The report found that among health plans that publicly reported their performance data, clinical care improved in most areas. This was true for health plans serving the commercial, Medicare and Medicaid sectors. In particular, organizations continued to make significant progress in areas related to chronic conditions, such as coronary heart disease. For example, heart attack patients are having their cholesterol levels controlled more effectively overall. In the commercial population, screening (79.4 percent) and control (61.4 percent) rates registered increases of 2.3 and 2.1 percentage points, respectively. This marks the fourth year in a row the positive trend has been observed and speaks to the power of public accountability to drive improvement.

For the third consecutive year, health plans serving Medicaid and Medicare beneficiaries demonstrated impressive gains in cholesterol management. In 2002, Medicaid rates for cholesterol screening increased 7.2 percentage points to 57.8 percent, while control rates rose from 34.5 percent in 2001 to 36.7 percent. Medicare organizations kept pace with their commercial counterparts with a screening rate increase of 2.2 percentage points (to 77.7 percent), and outperformed the commercial average for cholesterol control with a rate of 62.3 percent, up nearly 4 points from 2001.

"Transparency" Drives Quality
The number of commercial organizations that reported their data publicly held steady in 2002, with only a handful of unaccredited organizations choosing not to report their results publicly. Among those plans, performance was markedly lower, particularly in measures related to the immunization of children and adolescents. For all adolescent immunization measures, the differences between publicly reporting and non-publicly reporting plans were in double digits, with the gap for the measles/mumps/rubella immunization exceeding 28 percentage points. For childhood immunizations, the gaps were generally in the mid-to-high teens.

To illustrate the importance of transparency, the report includes national listings of the Top 10 commercial health plans for clinical performance and member satisfaction. For the second consecutive year, Appleton, Wis.-based Touchpoint Health Plan was the nation’s strongest overall performer in terms of quality of care. The report also features regional Top 5 listings of the best-performing commercial health plans.

Mental Health, Cervical Cancer, Chlamydia Merit Increased Concern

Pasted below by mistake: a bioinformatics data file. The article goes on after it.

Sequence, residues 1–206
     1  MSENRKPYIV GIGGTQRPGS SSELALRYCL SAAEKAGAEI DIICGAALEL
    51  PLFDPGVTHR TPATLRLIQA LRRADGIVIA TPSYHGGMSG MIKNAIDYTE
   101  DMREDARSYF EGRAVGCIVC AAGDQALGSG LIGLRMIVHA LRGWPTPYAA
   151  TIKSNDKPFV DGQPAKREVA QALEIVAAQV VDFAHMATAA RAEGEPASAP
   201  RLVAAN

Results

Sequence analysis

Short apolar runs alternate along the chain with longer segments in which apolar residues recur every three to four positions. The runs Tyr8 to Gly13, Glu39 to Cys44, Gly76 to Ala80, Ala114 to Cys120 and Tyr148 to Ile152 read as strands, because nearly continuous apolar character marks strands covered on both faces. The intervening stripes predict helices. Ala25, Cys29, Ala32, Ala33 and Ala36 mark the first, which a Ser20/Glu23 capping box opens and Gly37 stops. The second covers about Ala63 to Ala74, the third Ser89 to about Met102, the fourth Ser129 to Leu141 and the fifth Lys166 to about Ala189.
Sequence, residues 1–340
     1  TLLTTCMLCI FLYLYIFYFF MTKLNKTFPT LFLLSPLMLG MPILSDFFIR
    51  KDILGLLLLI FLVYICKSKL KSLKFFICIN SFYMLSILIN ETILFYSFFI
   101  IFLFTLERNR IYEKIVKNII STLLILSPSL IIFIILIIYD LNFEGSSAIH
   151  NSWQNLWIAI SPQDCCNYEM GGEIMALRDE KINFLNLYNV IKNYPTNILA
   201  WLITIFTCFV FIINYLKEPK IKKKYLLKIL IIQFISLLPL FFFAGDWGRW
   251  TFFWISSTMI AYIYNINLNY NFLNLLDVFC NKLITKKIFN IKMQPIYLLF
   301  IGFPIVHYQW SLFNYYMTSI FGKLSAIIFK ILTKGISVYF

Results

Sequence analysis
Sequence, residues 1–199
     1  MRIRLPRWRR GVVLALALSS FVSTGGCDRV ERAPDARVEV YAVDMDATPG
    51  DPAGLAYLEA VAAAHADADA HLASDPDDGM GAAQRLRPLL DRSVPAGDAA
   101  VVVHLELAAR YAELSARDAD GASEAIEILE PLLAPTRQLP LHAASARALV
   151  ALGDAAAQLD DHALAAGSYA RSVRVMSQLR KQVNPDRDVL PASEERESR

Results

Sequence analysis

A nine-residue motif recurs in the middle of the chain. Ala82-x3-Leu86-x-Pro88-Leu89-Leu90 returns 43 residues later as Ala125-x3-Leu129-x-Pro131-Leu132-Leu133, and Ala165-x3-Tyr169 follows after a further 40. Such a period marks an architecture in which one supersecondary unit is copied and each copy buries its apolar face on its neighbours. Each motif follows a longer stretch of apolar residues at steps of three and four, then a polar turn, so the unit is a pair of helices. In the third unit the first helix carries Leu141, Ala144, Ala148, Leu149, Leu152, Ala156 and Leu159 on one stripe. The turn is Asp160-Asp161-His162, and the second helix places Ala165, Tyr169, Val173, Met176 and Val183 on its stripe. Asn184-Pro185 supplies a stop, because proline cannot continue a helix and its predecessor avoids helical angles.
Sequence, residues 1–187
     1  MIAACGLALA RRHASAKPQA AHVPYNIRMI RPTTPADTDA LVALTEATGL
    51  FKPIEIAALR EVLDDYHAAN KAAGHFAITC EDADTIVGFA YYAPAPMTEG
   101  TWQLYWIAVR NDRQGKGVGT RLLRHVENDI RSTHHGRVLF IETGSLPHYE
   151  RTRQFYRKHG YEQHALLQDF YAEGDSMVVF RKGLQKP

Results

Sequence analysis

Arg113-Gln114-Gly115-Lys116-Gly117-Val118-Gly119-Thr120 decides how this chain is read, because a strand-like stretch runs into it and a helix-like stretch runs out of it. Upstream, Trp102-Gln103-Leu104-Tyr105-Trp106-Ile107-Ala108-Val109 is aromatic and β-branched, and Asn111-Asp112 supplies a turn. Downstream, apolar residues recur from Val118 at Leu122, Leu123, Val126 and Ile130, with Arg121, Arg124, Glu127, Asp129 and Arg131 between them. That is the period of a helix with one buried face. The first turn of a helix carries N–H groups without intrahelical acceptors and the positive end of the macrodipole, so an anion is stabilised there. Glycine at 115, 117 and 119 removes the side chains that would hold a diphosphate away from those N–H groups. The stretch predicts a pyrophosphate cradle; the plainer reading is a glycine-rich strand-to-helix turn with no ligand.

Despite the gains in other areas of chronic care, the health care system continues to struggle with the treatment of mental illness. Follow-up treatment of patients hospitalized for these conditions showed little improvement in 2002. In the commercial population, slightly more than half (52.7 percent) of patients admitted for mental illness received follow-up care within 7 days of their release. Medicaid and Medicare rates have yet to pass 40 percent.

In addition, some preventive measures are showing signs of having reached plateaus. The commercial cervical cancer screening rate increased by just half of a percentage point (to 80.5 percent) in 2002, and Medicaid rates continue to hover around the 60 percent mark.

Screenings are also critical for detecting and treating chlamydia, the nation’s most commonly reported sexually transmitted disease, because most women infected with the disease have no discernible symptoms. The Medicaid system performed relatively well in this area, with 41 percent of sexually active women ages 16–26, who are most at risk for the disease, receiving chlamydia screenings. However, in the commercial population, fewer than 30 percent received a screening.

The State of Health Care Quality: 2003 is available at NCQA’s Web site. An expanded version of the report, including more detailed analyses, graphs and complete citations, will be added to the Web site later this fall. A printed version of the expanded report (including appendices and other information not available online) can be purchased by calling (888) 275-7585.

The data reported in the State of Health Care Quality report are drawn from NCQA’s Quality Compass® 2003. This database of plan-specific HEDIS data is available on CD-ROM or as an electronic data file in Microsoft® Excel or SAS® formats. Quality Compass can be ordered online through NCQA’s Web site or by calling (888) 275-7585.

NCQA is a private, non-profit organization dedicated to improving health care quality. NCQA accredits and certifies a wide range of health care organizations, recognizes physicians and physician groups in key clinical areas and manages the evolution of HEDIS®, the tool the nation’s health plans use to measure and report on their performance. NCQA is committed to providing health care quality information through the Web, media and data licensing agreements in order to help consumers, employers and others make more informed health care choices.

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Source: NCQA